2

How to get date/time of these events:

  • last system hibernate / suspend
  • last system resume
1

You could examine your system log file /var/log/syslog for messages indicating suspend/hibernate/resume events and look at their timestamps.

For suspend and resume, check e.g. this pattern:

grep -E 'PM: suspend (entry|exit)' /var/log/syslog

Example output:

Sep  8 09:43:26 type40mark3 kernel: [150509.893804] PM: suspend entry (deep)
Sep  8 15:03:39 type40mark3 kernel: [150514.147721] PM: suspend exit
Sep  8 16:33:41 type40mark3 kernel: [155914.275076] PM: suspend entry (deep)
Sep  8 17:04:58 type40mark3 kernel: [155919.343276] PM: suspend exit

This only checks the current syslog file, but as it is subject to log rotation, older messages will be archived in numbered and compressed files like /var/log/syslog.1 and /var/log/syslog.2.gz. To check all of these at once, use zgrep instead, which can read compressed files, and sort to get them back in order by the actual timestamp date:

zgrep -hE 'PM: suspend (entry|exit)' /var/log/syslog* | sort -M

To get only the last two lines (last suspend and resume, usually), you can append | tail -n 2 to either of the above commands.

If you want only suspend or only resume, alter the filter pattern to e.g. PM: suspend entry or PM: suspend exit accordingly.


I don't have a hibernating system available right now to search for appropriate messages for that event, but I expect something similar. Try searching e.g. grep hiber /var/log/syslog to find a suitable pattern. When you have one, please comment and I'll gladly add it to this answer for future reference.

Pay attention to the timestamps though and compare them with the actual real times you know, because some of the "late" messages like systemd[1]: Started Suspend. can be triggered right before the system actually turns off, but will actually be logged and written to disk with the timestamp of when it turns on again.

  • 1
    You were absolutely right about dmesg. Indeed, it does not keep count of how much time the system has been suspended for. That makes my answer not appropriate for what the OP wants to do, that's why I deleted it. Your answer, despite being the only one, seems to be the best for the job. Just one note: perhaps you could update your answer to only show the last suspend/resume event, since that's what the OP asked for. Thanks again for pointing out the dmesg limitation. – user3140225 Sep 9 at 8:11
  • @user3140225 Thanks, I added some notes about that. Sorry that the effort you put into writing the script for your answer seemingly was in vain. – Byte Commander Sep 9 at 14:23
  • No worries. I learned something in the process: never trust dmesg timestamps! – user3140225 Sep 9 at 15:11
  • Another problem in the dmesg based solution is that atleast in Ubuntu 16 dmesg default settings are such that event is cleared / not found after few ours. – user4955663 Sep 9 at 16:23
  • On Ubuntu 16 it seems that "PM: suspend" and "PM: resume" events both are written into syslog during resume. So the suspend time in your solution is incorrectly same as the resume time. However, the resume time is correct. – user4955663 Sep 9 at 16:38
0

As I commented Byte Commader's response, for some reason atleast on my two Ubuntu 16 installations it seems that "PM: suspend" and "PM: resume" events both are written into syslog during resume. So the suspend time in that solution is within one second same as the resume time. However, the resume time is correct.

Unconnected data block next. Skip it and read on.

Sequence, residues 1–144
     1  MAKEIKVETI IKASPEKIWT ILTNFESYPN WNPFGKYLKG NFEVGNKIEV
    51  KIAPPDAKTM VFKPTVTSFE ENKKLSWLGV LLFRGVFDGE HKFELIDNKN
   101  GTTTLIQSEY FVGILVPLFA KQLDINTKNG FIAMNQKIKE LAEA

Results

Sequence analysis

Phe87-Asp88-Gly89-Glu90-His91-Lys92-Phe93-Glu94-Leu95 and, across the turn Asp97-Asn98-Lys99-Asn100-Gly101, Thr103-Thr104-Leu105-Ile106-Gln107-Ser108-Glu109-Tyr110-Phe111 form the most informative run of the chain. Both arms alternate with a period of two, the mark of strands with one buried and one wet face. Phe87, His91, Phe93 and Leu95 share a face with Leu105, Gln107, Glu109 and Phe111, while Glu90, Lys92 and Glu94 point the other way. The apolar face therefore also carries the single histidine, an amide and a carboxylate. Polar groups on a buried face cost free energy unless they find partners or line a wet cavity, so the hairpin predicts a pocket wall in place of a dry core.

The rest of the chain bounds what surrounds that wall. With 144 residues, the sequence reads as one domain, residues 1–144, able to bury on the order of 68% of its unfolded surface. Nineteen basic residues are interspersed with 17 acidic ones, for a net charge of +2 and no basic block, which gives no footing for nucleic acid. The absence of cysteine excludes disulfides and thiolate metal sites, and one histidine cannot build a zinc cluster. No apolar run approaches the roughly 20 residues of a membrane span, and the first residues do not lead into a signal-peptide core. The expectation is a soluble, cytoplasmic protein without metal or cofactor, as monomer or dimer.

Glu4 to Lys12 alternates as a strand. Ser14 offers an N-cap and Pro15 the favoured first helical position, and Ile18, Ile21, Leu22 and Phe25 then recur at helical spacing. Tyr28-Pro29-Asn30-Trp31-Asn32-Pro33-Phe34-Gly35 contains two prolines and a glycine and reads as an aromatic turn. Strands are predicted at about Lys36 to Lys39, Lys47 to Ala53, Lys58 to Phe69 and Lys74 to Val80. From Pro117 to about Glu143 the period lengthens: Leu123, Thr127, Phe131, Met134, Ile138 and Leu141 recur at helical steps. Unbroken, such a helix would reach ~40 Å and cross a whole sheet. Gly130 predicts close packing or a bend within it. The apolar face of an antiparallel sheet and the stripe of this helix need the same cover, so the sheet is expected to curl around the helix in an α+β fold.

So this solution is not based on log files. It is based on very simple service running continuously and monitoring time difference before and after a sleep. If the difference is much bigger than sleep time then there has been a "pause", e.g. suspend/resume operation. Pause is logged after wakeup when the time is synced.

pauselogger.sh

set -e

if [[ "$#" < 1 || "$#" > 1 ]]
then
    echo "Illegal number of parameters"
    echo "Usage $0 <sleeptime in seconds>"
    exit 1
fi

sleepTime=$1
fileName="/var/log/state.log"

dateStr1=$(date "+%Y-%m-%d %T.%N %z %s")
dateInt1=$(echo $dateStr1 | cut -d' ' -f4)
dateInt2=$dateInt1
dateStr2=$dateStr1
diff=0
for (( ; ; ))
do
    diff="$(($dateInt1-$dateInt2))"
    maxDiff=$(echo $sleepTime*1.1 + 1 | bc) # Pause is 10% longer than sleep.
    if (( $(echo "$diff > $maxDiff" |bc -l) )); then  
        echo "$dateStr2 DOWN pre sleep" >> $fileName
        echo "$dateStr1 UP post sleep $diff" >> $fileName       
    fi

    dateStr2=$dateStr1
    dateInt2=$dateInt1

    sleep $sleepTime

    dateStr1=$(date "+%Y-%m-%d %T.%N %z %s")
    dateInt1=$(echo $dateStr1 | cut -d' ' -f4)

done

Service definition is also simple file: /etc/systemd/system/pauselogger.service

[Unit]
Description=Simple Pause Logger

[Service]
ExecStart=/usr/sbin/pauselogger.sh 30
Restart=on-failure

[Install]
WantedBy=multi-user.target

Logger is then started and enabled:

sudo systemctl start pauselogger
sudo systemctl enable pauselogger

Log file:

2019-09-13 00:44:17.602146211 +0300 1568324657 UP post sleep 225
2019-09-13 01:04:59.968326886 +0300 1568325899 DOWN pre sleep
2019-09-13 10:25:18.575107533 +0300 1568359518 UP post sleep 33619
2019-09-13 10:49:41.594151484 +0300 1568360981 DOWN pre sleep
2019-09-13 10:51:57.129617072 +0300 1568361117 UP post sleep 136

Pros of this solution is that it works despite the pause command. It records pauses if OS level suspend/hibernate/resume is used, but it also works if used inside a VM, e.g. VirtualBox savestate/resume.

Cons are atleast that both log entries are written during wakeup, this solution is not suitable e.g. if a script is needed to be launched just before savestate operation. Also the command causing sleep/wakeup is not recorded: OS suspend vs VirtualBox savestate or OS resume vs VirtualBox start.

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